History : When London offered Gibraltar to Madrid exchanging it with a Moroccan territory

Even though the Moroccan State has toned down the territorial dispute over the possession of Gibraltar, the Kingdom was at the center of almost all the political solutions surrounding the Spanish-British disagreement over the control of the overseas territory. This was confirmed later through a letter that was sent in July 1940. 

Gibraltar./Ph. DR
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Gibraltar is an overseas territory that was subsequently ceded to Great Britain in perpetuity under the Treaty of Utrecht in 1713. Spain since then asserted a claim to the territory which was refused by London. However, things took a different form in 1940, when the British refusal became exceptional. As a matter of fact, and most precisely in a document that dates back to the 7th of June 1940, Great Britain offered to cede Giblartar to Franco in exchange for Casablanca and Rabat that were back in the time under the sovereignty of the French. 

A British naval base in Morocco

Brigadier-General, Francisco Martin Moreno informed his superior, Minister of War José Enrique Varela, in a letter about the statement provided by Giblartar’s British Governor, General Liddell. The latter declared that he was ready to «suggest to his government to retrocede Gibraltar including its artillery in exchange for a small territory in Morocco, including Casablanca and Rabat to establish in the Atlantic coast a naval base from which England would be able to control, if necessary, the ships entering Gibraltar and heading to the Mediterranean and those leaving  the Atlantic», states the letter of Brigadier-General Francisco Martin Moreno.

We are at the beginning of World War II, the German troops have invaded the majority of Eastern Europe and are a step away from Paris. A week later, they have entered the French capital. In the middle of this aggressive context, and knowing that Germany is getting stronger, London took the initiative of presenting an irresistible offer for Spain and Franco. A way of convincing him not to participate in the war next to his ally Hitler. 

A very confident Franco

During the Civil War in Spain (1936-1939), the role of the German aviation had been decisive in the victory of Franco's troops. The day when Paris fell into the hands of Germany by his friend Hitler (June 14, 1940), Spanish soldiers celebrated this victory in their own way by entering Tangier, which was a violation of the city's international status.

The subsequent events will not have been in favor of the Spaniards and their German friends who will capitulate on the 8th of May, 1945. The dictator Francisco Franco after years of political wandering will succeed in getting closer to the Americans thanks to a merciless struggle against communists. A commitment that had enabled him to be part of the world order of that era. As for Gibraltar, it is still under British sovereignty same as Sebta and Melilia are still under Spanish occupation.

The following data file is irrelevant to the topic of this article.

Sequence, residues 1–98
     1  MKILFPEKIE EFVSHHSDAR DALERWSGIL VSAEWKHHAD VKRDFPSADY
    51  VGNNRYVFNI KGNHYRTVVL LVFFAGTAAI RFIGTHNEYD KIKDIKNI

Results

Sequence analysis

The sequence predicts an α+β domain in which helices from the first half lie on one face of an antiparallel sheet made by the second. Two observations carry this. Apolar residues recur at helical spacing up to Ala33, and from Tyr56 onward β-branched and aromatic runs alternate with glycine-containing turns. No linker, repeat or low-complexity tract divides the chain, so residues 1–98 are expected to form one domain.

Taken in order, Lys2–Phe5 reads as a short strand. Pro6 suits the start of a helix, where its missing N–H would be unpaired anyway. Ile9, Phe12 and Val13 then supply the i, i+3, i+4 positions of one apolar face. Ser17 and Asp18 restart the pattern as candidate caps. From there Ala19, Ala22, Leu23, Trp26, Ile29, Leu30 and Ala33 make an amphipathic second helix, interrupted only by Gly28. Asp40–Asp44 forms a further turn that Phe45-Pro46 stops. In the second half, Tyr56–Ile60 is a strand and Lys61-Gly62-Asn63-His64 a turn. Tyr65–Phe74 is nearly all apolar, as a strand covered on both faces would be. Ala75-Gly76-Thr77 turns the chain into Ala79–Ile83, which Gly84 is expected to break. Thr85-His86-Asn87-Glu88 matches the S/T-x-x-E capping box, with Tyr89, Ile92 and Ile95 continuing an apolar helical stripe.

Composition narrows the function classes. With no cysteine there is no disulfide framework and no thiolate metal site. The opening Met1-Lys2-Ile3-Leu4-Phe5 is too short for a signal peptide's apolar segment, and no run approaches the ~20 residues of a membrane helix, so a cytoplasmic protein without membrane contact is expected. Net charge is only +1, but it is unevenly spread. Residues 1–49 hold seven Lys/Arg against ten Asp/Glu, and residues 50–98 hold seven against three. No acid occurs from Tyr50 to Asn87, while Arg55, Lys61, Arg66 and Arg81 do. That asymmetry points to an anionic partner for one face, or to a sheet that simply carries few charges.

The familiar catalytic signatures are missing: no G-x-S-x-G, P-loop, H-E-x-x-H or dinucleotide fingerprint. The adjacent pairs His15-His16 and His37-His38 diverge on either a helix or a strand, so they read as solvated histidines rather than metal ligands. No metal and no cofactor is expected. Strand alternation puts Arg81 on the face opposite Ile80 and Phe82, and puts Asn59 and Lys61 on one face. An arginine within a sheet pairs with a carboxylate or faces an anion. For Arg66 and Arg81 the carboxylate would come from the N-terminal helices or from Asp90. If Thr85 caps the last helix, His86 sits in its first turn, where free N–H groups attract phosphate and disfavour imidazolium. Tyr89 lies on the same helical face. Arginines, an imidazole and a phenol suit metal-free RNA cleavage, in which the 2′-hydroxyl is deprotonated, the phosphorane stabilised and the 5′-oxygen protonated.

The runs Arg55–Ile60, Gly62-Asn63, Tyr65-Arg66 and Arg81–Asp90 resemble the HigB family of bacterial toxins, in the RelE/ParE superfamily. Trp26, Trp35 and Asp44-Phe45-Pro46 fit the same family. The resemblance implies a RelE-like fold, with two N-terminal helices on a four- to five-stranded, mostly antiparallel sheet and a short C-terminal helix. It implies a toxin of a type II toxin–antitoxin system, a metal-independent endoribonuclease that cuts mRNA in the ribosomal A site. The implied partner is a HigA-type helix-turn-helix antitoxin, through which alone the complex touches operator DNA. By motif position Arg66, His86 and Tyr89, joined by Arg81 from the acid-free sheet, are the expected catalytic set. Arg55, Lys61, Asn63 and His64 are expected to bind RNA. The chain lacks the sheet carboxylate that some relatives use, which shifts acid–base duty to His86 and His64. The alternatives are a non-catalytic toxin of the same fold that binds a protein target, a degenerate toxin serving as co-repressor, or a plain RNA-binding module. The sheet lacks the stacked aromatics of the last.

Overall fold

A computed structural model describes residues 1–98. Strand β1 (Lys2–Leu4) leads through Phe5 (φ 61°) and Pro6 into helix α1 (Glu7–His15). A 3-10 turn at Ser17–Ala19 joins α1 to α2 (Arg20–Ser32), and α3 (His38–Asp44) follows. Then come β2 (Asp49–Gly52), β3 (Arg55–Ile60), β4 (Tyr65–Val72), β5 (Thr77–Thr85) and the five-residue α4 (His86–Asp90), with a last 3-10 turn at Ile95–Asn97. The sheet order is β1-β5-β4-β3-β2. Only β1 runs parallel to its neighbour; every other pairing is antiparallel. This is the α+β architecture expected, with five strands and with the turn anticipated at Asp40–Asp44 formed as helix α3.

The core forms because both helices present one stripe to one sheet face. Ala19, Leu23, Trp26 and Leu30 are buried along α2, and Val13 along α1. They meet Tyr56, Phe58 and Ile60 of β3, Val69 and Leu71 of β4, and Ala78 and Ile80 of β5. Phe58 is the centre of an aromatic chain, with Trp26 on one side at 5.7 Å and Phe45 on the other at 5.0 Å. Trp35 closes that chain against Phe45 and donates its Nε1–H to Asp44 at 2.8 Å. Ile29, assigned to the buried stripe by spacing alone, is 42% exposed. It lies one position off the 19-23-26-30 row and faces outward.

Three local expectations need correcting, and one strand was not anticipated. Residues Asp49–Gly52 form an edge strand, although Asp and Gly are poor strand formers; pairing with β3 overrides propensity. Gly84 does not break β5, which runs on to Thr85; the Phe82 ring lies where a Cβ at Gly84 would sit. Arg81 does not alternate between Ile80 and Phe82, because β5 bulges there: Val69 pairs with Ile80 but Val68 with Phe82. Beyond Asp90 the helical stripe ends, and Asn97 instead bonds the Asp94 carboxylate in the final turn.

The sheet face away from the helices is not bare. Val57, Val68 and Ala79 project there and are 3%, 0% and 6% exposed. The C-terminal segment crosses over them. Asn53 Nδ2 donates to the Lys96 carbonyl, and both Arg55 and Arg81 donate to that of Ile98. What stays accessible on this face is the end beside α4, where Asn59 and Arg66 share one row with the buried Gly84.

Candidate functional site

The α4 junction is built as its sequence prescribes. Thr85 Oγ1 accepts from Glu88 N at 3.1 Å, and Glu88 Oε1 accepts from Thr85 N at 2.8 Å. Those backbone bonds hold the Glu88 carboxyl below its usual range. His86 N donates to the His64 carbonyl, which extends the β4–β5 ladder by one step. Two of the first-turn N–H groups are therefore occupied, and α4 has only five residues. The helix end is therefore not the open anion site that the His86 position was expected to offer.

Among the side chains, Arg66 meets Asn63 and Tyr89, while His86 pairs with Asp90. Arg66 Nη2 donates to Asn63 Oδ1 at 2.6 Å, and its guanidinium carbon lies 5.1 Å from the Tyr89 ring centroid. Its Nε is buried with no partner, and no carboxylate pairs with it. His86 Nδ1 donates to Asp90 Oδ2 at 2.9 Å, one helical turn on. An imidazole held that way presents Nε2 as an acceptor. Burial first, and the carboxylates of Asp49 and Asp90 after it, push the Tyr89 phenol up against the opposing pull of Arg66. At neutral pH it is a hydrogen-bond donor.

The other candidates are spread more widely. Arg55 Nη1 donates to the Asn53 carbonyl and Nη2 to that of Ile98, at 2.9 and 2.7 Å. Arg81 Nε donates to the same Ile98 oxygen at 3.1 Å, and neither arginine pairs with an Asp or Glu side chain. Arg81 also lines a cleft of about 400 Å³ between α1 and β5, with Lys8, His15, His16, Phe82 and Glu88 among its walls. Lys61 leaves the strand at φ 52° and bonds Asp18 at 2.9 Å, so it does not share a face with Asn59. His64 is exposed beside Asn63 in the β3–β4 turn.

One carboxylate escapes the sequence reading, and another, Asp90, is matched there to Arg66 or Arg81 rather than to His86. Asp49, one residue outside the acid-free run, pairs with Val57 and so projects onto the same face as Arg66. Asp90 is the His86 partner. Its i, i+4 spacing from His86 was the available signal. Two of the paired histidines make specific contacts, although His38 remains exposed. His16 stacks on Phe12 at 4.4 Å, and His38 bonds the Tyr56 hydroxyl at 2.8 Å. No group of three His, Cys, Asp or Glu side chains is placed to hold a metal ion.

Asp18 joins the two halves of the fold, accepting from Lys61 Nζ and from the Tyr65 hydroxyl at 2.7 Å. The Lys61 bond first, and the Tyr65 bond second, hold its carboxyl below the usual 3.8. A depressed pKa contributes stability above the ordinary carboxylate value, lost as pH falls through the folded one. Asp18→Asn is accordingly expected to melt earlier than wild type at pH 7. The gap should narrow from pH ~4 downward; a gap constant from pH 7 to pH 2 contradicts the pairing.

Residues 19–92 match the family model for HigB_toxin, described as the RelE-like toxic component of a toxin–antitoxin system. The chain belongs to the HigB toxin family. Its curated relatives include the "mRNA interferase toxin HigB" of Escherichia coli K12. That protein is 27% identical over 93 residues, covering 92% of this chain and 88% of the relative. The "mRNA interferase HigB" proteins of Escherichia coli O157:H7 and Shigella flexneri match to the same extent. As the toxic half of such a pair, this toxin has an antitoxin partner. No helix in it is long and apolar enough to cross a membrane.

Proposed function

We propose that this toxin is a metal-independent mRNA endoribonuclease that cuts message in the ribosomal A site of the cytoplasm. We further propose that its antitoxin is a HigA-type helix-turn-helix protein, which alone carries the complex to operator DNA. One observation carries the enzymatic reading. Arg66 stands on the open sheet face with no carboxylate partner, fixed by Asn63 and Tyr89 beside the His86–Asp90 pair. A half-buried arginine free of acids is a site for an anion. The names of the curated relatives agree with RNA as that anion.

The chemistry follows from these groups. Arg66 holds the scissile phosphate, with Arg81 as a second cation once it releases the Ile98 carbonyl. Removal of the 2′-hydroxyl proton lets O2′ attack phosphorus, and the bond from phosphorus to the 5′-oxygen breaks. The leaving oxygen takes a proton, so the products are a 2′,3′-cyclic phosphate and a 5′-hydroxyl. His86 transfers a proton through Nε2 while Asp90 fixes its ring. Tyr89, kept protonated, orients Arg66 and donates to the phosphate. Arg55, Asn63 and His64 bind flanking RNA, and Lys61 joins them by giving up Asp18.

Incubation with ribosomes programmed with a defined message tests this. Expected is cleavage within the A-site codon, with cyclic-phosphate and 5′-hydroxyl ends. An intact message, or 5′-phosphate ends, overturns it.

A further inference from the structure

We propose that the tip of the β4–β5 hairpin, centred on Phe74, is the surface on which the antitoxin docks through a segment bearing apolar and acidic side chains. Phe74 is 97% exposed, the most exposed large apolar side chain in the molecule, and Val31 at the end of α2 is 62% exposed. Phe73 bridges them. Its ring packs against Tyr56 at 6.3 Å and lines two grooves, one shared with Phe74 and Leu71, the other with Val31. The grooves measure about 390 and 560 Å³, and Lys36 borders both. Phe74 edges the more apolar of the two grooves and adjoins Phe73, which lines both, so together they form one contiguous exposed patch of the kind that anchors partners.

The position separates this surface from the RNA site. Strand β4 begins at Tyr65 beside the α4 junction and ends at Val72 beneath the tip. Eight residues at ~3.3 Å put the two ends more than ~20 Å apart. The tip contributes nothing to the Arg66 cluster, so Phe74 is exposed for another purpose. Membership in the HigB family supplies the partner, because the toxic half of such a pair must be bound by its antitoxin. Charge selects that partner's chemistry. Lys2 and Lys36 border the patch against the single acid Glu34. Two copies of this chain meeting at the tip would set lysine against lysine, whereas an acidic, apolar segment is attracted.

Holding talks in 2011

For Spain and Great Britain Giblartar was contention. Nevertheless, negotiations have taken place between the two countries in order to find a solution that would please both of them; Most recently in 2001. The proximity of ideas between Tony Blair and José Maria Aznar contributed greatly to the succession of meetings between the two representatives of the two governments. The first round of negotiations began on November 20th 2001 in Barcelona. The Spanish Minister of Foreign Affairs, Josep Piqué, liked to repeat that the future of Gibraltar «is a matter of two sovereign states».

On July the 12th his British counterpart, Jack Straw, announced that London and Madrid agreed to a shared sovereignty over Giblartar. However, the military base, which occupies 40% of the surface of Gibraltar, will remain British. Despite this sizeable concession, the government of José Maria Aznar shouted «victory». For his part, Peter Kerouna, the Prime Minister of the Gibraltar government, described the deal as «treason» by London. On 26th of July 2002 he announced that a referendum would be held on 9th of November of the same year concerning the Hispano-British Agreement. The result of this popular consultation was without appeal with 99.26% of the voters saying no.

This is the second time that the people of Gibraltar have chosen to remain under British rule; the first time was in 1967.

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